The latest round of the BREW Accelerator will focus on emerging technologies, specifically solutions to address run-off from farming operations.
Meanwhile, the BREW Corporate Accelerator is focusing on: residential and commercial drinking water treatment; high-efficiency, low-emission water heating technologies; sensors for monitoring water contaminants; and data-gathering technologies for water heaters and drinking water systems.
Applications are being accepted through Nov. 3, and the cohort will begin April 2020.
— Generac is launching a new line of solar energy storage systems, its first foray into the clean energy market.
The Waukesha-based manufacturer of generators and other energy products is rolling out the new product line after acquiring two companies: Neurio Technology, which makes home energy management technology; and Pika Energy, a manufacturer of solar energy storage systems.
Generac is unveiling the new products this week at Solar Power International 2019, being held in Salt Lake City, Utah.
“We’re bringing a professional infrastructure, manufacturing capability, and highly-regarded product reliability to the solar power energy storage industry,” said Russ Minick, Generac’s chief marketing officer and business leader for clean energy.
— Fujifilm Cellular Dynamics has unveiled a new 32,000-square-foot cell therapeutics facility in Madison, dubbed the Innovation Facility for Advanced Cell Therapies, or i-FACT.
It marked a milestone for Fujifilm since it acquired Cellular Dynamics in 2015. At the time, Fujifilm announced it would maintain operations in Madison, which still holds true today.
“We value the strong connections we have built with the city, the university, the state and other partners,” FCDI CEO Takeshi Yamamoto said at a ceremony held last week at University Research Park. “The Madison area is rich in expertise.”
In turn, city, state and other officials, including Mayor Satya Rhodes-Conway and BioForward CEO Lisa Johnson, thanked FCDI for keeping its facility in Madison.
“I am impressed as we move science to a higher level,” Gov. Tony Evers said. “I am excited that Fujifilm Cellular Dynamics continues to call Madison home.”
Construction for the facility, which will have three independent clean labs, began in March 2018 and will be completed in March 2020.
Dr. James Thomson founded Cellular Dynamics International in 2004. He also expressed gratitude about the company remaining in town.
“The fact that it’s in Wisconsin means we’ll still be at the forefront,” Thomson said. “I think we must expect great things from you.”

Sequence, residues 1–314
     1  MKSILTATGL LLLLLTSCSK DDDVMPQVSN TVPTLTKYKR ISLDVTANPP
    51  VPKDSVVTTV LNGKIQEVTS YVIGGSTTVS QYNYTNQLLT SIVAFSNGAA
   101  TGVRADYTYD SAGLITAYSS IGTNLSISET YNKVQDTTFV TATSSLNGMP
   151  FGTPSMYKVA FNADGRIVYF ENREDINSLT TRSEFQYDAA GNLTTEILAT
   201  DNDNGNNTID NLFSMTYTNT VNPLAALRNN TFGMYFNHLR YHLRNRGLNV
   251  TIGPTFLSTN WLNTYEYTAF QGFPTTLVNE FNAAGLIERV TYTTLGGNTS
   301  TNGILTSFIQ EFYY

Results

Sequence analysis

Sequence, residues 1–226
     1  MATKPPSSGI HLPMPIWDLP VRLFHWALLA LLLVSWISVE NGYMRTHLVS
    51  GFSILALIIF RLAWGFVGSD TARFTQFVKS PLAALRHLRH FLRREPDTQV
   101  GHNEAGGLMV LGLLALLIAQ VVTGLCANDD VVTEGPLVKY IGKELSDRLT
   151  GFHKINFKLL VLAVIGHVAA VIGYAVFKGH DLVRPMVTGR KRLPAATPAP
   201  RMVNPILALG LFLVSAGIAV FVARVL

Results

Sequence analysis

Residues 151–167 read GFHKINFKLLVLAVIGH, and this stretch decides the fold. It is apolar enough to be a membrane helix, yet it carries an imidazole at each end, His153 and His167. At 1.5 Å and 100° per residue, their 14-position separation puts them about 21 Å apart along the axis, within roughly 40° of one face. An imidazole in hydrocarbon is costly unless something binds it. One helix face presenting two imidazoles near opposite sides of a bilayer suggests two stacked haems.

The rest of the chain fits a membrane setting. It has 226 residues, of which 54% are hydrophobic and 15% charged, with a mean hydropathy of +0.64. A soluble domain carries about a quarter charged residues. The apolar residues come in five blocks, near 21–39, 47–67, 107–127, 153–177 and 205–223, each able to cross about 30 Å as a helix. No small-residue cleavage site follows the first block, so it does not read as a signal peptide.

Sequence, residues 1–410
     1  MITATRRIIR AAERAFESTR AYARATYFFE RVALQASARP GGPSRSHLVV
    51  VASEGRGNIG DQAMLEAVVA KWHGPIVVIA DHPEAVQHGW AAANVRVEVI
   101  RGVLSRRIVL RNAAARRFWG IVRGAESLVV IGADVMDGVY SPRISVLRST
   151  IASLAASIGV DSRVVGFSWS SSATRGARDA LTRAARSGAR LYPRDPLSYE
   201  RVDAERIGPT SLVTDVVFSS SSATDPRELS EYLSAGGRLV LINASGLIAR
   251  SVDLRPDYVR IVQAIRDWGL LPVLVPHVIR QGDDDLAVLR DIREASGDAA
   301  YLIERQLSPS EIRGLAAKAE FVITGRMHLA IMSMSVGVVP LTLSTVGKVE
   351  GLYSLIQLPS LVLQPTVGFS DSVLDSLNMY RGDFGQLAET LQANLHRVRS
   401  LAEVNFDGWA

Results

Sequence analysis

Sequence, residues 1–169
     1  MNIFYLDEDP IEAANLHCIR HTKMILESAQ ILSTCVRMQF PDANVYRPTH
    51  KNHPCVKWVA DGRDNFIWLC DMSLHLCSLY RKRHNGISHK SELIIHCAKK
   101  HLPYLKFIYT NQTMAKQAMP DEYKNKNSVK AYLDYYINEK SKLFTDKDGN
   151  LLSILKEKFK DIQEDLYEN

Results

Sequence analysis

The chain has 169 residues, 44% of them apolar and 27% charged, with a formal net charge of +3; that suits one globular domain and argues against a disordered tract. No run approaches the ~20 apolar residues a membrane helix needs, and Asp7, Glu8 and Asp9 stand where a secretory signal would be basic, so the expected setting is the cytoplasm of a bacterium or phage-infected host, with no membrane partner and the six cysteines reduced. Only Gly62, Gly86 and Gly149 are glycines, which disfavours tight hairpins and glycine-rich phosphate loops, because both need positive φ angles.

See more at Madison Startups: http://www.madisonstartups.com/fcdi-unveils-cell-therapeutics-facility/
Listen to a recent podcast with Johnson: http://www.wisbusiness.com/2019/wisbusiness-the-podcast-with-lisa-johnson-ceo-for-bioforward/
# Froedtert & the Medical College planning Pewaukee medical center
# Four Milwaukee area Ascension Wisconsin hospitals post losses; Aurora hospitals up
# Emerging research finds microplastics are an unseen problem on the Mississippi River
# Exact Science’s Cologuard test approved for ages 45 and up, expanding market 22%
– Wisconsin included in USDA’s next labor survey
– FAA announces $50.5M in grants for Wisconsin airport infrastructure projects
– Wisconsin home sales dip in August after July bump
– Pittsville FFA to hold annual cranberry tours
# FOOD AND BEVERAGE
– Lowlands Group will release new beer at third annual Kwaktoberfest celebration
– Kohl’s CEO Gass makes second appearance on Fortune’s ‘Most Powerful Women’ list
– Enerpac brand reborn in Actuant name change, CEO says
– Wisconsin Republican Senate leader floats tax cut idea
# REAL ESTATE
– $45 million, 248-unit workforce housing project proposed for Sheboygan
– Planned hotel in West Allis could move, freeing corner for other development
– Community workshop The Bodgery offers array of tools, studio space in Oscar Mayer location
– Wisconsin Center District hires owner’s representative for expansion project
– Local, national brands arrive at Mitchell airport as part of food and retail rebranding
– Tom Still: Turning early-stage rejection into ‘yes’ can depend on supply of cash
– ‘Almond milk is not milk, veggie burgers are not burgers’
# PRESS RELEASES